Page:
To avoid allergies, be sure to be born in sunny seasons!

To avoid allergies, be sure to be born in sunny seasons!

By Marc Sorenson, EdD. Sunlight Institute…

I suppose that it’s asking a bit much to tell someone to be born in the right season. But if it were possible, it would probably help a person to avoid some allergies. A most interesting scientific study from Korea explored the relationship among birth season, sunlight exposure during infancy, and allergic disease. It came to some very intriguing conclusions that indicate that sun exposure during pregnancy, and during the first two years of life, is exceptionally important. [1] The researchers explored relationships between birth season, sunlight exposure, and several allergic diseases.

They introduced their research by stating that “The recent increase in the prevalence of allergic diseases is hypothetically attributed to immune dysregulation in turn caused by a reduction in exposure to sunlight.”

Here are their findings:

  1. The prevalence of atopic dermatitis, a skin allergy, was 24% higher in children born in winter than those born in summer.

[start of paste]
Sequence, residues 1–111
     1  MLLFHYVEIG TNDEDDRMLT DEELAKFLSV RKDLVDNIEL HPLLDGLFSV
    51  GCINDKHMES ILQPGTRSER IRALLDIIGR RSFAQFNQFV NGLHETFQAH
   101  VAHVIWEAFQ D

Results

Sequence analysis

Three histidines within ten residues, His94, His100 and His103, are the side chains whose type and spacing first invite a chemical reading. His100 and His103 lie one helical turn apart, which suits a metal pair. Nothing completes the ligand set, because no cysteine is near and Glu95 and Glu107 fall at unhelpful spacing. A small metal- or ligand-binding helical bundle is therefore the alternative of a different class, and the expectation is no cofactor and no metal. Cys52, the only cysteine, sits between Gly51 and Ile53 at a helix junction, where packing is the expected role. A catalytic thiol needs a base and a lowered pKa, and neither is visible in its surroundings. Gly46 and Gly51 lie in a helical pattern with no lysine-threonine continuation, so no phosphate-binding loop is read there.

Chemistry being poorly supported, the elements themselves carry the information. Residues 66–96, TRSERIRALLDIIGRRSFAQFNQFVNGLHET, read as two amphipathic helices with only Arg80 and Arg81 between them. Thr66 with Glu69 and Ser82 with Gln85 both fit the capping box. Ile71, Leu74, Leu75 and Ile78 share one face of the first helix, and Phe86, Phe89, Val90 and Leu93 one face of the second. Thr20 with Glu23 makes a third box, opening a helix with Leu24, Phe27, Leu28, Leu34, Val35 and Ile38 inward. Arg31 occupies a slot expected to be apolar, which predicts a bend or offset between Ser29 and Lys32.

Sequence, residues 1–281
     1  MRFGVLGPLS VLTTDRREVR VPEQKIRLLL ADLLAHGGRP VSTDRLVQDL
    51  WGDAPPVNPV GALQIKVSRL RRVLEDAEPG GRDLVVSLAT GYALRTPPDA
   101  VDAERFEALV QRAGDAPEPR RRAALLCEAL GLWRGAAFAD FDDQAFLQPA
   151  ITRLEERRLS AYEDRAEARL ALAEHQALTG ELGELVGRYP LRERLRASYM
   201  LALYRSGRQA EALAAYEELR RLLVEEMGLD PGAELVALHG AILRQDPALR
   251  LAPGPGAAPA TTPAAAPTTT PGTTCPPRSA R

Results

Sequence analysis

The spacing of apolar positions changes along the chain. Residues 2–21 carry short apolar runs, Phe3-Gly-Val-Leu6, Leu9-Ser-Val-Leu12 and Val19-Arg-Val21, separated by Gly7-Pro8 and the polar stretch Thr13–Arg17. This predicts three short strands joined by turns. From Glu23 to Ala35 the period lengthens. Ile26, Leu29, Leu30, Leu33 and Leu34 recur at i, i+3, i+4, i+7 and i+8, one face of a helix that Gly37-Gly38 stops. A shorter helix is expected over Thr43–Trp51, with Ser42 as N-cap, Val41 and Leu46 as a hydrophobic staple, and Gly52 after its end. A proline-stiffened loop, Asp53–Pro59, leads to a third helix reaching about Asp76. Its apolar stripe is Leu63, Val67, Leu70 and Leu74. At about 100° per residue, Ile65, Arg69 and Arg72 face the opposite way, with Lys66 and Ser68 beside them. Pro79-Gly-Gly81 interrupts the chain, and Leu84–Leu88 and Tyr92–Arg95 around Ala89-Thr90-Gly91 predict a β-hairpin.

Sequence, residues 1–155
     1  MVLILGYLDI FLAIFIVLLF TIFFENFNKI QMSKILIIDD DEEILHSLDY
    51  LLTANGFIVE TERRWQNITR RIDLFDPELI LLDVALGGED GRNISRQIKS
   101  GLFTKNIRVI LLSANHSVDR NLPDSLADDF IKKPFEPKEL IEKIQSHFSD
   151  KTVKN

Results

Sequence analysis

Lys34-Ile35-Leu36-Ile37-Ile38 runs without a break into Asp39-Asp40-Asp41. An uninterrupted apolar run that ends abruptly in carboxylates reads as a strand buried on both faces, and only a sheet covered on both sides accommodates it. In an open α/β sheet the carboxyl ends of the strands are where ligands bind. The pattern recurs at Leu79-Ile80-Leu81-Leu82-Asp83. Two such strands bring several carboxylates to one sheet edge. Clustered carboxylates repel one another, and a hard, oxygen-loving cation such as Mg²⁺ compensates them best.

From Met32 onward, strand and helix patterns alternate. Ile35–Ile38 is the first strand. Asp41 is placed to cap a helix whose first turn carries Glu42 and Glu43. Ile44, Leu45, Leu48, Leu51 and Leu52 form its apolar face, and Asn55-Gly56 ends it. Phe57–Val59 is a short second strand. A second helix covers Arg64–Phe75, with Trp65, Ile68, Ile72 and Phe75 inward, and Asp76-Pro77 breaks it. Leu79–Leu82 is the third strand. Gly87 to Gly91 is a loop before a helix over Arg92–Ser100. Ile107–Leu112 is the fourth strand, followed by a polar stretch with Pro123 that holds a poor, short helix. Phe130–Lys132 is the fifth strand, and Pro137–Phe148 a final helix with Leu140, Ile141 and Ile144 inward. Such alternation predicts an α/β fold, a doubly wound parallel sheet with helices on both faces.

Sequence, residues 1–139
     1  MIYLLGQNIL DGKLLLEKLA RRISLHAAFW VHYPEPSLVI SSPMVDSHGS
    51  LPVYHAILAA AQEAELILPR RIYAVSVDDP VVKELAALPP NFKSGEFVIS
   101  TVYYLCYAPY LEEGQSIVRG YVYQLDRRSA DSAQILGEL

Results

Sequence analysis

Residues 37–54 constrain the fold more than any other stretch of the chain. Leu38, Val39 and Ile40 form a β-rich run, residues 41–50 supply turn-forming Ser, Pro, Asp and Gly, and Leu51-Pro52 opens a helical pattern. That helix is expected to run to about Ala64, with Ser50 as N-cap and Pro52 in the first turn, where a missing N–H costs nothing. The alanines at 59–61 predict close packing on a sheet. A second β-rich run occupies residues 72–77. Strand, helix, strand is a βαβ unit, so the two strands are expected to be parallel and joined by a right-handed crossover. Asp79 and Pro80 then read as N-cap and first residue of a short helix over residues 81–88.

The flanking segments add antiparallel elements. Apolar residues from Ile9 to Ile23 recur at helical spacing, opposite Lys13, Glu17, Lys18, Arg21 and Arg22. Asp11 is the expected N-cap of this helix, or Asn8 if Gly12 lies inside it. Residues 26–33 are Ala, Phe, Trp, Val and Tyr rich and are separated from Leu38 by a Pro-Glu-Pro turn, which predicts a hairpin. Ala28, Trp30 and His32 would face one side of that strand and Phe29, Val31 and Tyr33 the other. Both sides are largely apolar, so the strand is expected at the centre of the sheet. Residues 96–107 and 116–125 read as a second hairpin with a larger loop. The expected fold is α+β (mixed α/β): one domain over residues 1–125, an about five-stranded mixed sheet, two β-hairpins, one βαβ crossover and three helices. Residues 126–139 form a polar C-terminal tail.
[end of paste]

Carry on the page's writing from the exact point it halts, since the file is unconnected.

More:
2. Birth in winter was associated with a 56% increase in the prevalence of food allergy (FA).
  3. In addition, the lifetime prevalence of allergic diseases except food allergy (FA) was higher in children who had experienced inadequate sunlight in the first two years of life, compared to those children who had adequate exposure. In those whose sunlight exposure was inadequate, the following increases in risk were noted:
  4. Asthma 40% increased risk
  5. Allergic rhinitis (AR) 40%
  6. Atopic dermatitis (AD) 26%

The researchers concluded that “Birth in winter may be associated with development of AD and FA. Inadequate sunlight exposure before the age of 24 months might possibly increase the risks of development of asthma, AR, and AD.”

Great research, and the results are what we would have expected. There is almost no limit to the disease-preventing power of the Sun.

[1] Hwang JM, Oh SH, Shin MY. The relationships among birth season, sunlight exposure during infancy, and allergic disease. Korean J Pediatr. 2016 May;59(5):218-25. doi: 10.3345/kjp.2016.59.5.218. Epub 2016 May 31.

Related Posts

Leave Your Comment

Your Comment*

Your Name*
Your Webpage

Time limit is exhausted. Please reload CAPTCHA.